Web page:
“I can’t wait to tell those farmers and people I met in the regions that we’ve done it.”

Ms Williams is continuing her effort to raise additional funds by visiting previous businesses and sites that hosted the large signs she erected for the Albany Radiation Machine Project and asking them to put them back up.

A street stall in Denmark, a barn dance in Kojonup, a high tea and a few more sausage sizzles are also on her fundraising to-do list.

“I’ve put out about 2500 flyers around the region and we are currently organising a dinner dance,” Ms Williams said.

“We are hoping to hold it at Princess Royal Sailing Club in November, so everyone should keep an eye out for tickets for that one.”

According to Mr Wilson, the radiotherapy machine and facility should be in operation at Albany Health Campus by June 30, 2019.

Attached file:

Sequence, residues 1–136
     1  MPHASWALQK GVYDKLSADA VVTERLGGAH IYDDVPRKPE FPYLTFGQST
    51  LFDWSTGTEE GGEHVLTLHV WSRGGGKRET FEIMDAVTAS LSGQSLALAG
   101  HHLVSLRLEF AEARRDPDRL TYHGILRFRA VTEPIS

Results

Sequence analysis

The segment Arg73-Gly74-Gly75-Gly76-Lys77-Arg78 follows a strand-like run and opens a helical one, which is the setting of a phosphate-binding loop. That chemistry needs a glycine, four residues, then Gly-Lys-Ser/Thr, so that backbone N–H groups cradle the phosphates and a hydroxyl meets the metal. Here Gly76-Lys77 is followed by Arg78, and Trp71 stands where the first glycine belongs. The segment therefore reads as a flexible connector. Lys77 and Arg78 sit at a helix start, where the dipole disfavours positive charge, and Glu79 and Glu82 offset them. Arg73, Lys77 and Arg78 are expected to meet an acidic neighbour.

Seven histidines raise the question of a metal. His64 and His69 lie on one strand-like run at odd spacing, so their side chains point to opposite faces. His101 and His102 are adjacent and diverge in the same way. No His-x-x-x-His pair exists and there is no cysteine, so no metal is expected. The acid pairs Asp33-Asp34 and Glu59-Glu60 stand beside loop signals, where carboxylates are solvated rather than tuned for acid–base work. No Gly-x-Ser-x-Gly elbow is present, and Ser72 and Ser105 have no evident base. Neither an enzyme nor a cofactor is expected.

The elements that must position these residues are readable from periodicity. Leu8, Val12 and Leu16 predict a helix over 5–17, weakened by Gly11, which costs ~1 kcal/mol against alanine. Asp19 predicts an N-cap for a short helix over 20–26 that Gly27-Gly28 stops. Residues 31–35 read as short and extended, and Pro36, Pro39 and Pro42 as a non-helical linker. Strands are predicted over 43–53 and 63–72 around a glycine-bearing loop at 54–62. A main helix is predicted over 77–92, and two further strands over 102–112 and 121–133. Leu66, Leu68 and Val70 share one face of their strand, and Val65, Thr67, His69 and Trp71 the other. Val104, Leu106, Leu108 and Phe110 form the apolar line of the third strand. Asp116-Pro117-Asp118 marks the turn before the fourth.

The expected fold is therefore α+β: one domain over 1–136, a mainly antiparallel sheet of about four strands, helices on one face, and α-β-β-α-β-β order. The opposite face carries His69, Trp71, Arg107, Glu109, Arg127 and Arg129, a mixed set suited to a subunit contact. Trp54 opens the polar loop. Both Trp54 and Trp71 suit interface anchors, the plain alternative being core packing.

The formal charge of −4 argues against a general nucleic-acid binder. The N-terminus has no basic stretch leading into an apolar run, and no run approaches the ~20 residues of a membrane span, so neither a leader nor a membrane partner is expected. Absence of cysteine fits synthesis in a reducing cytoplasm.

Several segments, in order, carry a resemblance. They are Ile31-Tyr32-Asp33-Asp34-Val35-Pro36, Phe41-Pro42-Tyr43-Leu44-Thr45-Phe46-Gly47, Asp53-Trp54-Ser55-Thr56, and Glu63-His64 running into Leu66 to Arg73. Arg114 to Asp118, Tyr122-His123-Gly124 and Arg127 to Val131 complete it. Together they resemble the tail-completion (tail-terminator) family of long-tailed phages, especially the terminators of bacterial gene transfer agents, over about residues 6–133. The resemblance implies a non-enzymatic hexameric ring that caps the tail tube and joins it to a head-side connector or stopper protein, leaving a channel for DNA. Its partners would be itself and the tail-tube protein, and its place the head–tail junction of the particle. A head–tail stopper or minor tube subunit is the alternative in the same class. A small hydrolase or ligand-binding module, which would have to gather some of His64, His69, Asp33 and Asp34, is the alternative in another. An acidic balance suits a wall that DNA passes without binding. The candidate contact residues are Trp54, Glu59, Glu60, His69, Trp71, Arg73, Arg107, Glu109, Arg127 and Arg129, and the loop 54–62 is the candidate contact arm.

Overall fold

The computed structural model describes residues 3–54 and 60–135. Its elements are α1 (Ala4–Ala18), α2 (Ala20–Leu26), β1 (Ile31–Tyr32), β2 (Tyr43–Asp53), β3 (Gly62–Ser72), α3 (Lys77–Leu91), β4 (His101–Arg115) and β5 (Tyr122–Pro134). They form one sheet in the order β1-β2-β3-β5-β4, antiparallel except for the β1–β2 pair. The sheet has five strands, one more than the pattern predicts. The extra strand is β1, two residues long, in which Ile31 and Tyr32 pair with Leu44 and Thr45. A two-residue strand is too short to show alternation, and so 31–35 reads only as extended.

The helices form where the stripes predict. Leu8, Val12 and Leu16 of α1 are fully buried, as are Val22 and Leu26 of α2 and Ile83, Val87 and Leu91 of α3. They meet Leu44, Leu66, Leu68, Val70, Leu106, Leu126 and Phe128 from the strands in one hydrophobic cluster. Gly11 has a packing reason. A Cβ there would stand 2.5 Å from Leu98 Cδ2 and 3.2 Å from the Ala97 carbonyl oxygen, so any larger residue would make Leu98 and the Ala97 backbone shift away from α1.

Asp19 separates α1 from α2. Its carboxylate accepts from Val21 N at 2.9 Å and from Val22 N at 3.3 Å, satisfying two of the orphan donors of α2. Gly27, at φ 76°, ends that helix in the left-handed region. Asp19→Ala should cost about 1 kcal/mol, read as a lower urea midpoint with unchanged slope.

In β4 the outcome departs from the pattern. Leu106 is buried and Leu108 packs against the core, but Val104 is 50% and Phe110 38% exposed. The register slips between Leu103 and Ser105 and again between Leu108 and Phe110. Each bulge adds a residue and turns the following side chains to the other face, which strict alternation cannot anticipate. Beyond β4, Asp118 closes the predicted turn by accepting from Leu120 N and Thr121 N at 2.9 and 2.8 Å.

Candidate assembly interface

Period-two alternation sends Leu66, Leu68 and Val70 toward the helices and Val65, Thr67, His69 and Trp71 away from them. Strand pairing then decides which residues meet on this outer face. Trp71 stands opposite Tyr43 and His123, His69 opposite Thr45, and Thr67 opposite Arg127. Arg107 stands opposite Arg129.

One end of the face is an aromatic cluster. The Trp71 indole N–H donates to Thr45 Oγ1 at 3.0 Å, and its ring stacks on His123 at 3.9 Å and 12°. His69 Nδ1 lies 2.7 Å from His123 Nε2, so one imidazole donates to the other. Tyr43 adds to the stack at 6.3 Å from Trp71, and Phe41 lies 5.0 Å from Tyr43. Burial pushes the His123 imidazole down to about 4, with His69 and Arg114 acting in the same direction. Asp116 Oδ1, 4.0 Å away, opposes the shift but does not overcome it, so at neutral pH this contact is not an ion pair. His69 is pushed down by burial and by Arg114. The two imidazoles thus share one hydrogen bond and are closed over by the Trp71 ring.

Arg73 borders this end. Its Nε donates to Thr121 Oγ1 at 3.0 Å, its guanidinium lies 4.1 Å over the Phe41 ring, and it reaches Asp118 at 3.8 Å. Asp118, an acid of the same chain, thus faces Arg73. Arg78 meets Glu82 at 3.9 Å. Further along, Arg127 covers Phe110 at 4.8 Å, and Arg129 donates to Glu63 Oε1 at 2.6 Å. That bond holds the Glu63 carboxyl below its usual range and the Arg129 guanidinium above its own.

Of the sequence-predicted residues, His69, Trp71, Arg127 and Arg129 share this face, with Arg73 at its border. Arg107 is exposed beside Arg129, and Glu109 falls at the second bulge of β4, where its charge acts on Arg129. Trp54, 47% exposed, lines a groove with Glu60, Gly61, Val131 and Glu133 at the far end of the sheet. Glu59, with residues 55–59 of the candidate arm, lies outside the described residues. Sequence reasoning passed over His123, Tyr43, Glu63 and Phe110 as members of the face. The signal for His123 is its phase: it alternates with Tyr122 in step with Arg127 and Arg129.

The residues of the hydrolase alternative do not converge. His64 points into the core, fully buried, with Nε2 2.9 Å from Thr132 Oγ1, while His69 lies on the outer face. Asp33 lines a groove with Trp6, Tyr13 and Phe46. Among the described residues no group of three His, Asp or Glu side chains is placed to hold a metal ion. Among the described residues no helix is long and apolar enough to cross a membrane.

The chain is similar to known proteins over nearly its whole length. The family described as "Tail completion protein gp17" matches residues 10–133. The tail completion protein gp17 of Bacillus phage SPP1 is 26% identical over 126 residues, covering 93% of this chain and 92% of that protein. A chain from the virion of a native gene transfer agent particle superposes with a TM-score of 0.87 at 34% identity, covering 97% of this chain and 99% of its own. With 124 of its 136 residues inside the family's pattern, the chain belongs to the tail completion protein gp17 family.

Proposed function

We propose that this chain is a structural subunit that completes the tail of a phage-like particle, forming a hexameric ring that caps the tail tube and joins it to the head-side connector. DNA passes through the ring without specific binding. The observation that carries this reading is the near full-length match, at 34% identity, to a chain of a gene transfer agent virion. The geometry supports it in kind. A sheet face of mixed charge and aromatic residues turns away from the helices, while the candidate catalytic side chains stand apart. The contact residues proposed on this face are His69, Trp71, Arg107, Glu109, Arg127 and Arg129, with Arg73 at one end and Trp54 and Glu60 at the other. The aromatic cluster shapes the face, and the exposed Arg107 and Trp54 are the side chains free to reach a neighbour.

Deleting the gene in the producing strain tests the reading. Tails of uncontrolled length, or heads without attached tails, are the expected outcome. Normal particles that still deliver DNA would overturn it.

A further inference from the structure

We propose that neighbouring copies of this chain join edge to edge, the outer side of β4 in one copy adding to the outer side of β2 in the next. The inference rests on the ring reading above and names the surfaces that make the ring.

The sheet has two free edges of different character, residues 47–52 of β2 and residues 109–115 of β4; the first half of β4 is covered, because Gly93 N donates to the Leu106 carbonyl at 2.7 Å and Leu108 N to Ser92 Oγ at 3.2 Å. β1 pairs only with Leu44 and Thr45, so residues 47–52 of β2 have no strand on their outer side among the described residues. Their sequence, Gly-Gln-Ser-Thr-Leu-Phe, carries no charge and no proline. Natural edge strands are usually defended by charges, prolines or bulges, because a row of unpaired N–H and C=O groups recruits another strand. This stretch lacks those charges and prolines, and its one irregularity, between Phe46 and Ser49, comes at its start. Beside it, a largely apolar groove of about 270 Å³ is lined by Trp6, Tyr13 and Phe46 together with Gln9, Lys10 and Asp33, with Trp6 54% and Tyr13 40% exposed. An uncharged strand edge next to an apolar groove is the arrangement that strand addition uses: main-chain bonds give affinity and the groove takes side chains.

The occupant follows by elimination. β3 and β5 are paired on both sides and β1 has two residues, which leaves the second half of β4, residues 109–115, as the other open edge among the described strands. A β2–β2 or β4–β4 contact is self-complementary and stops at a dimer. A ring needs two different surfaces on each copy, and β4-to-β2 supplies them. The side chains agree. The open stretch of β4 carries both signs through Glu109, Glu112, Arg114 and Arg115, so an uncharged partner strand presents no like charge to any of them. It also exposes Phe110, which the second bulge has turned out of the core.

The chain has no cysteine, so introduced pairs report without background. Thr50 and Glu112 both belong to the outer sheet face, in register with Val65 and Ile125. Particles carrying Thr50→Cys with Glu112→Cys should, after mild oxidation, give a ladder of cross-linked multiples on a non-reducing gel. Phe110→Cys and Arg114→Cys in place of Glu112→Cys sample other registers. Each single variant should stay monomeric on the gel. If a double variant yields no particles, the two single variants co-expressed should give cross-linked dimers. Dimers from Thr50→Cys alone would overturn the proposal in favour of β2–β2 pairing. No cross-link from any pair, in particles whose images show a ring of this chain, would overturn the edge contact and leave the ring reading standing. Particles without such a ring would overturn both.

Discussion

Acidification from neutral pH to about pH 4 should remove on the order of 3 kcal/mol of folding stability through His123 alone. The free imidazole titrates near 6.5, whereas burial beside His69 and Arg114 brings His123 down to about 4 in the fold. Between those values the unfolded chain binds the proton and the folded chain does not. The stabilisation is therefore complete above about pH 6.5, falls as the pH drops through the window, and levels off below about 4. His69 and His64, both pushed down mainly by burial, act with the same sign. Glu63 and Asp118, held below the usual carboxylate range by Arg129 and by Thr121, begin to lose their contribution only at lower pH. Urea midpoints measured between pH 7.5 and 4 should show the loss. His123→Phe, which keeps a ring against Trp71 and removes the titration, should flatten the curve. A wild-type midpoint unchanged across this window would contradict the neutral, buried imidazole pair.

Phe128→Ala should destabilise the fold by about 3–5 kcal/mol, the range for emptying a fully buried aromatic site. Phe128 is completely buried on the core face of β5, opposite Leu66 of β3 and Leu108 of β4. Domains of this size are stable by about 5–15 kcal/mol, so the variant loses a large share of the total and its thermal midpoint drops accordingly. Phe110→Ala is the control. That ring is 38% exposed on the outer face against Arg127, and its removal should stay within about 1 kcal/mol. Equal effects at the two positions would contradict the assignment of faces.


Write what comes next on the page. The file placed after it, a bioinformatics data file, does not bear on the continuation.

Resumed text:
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Barker’s pie in the sky

AFTER taking the time and care to hand deliver an assortment of Mount Barker Country Bakery’s finest pies to Melbourne last week for the Official Great Aussie Pie Competition, the team behind the counter will be able to add another nine medals to their growing collection.

Qualified pastry chef and bakery founder Mick Dumbrell and wife Kristine have visited the competition every year since the bakery opened its doors.

“We had to really pack the eskys tight with newspaper and ice packs for the trip in the plane. But it was worth it,” Ms Dumbrell said.

“We’ve always done really well at the Aussie Pie Competition.

“Our staff is critical to producing great results and fantastic pies.

“Our pies are the biggest part of our business and we make sure that every pie is made fresh and from scratch.”

This year the bakery received a medal for each pie submission, with their chunky mince, kangaroo and chorizo, and cauliflower and blue cheese pies all receiving gold medals.

Their chicken carbonara, braised lamb, surf and turf, Sri Lankan pork curry and barbeque pork all received silver.

“We’re really proud that our chunky beef pie was named the second best pie in Australia,” Ms Dumbrell said.

“What we put in a pie is the same quality as what you find in a restaurant and it made the difference.”

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Fruit crisis bites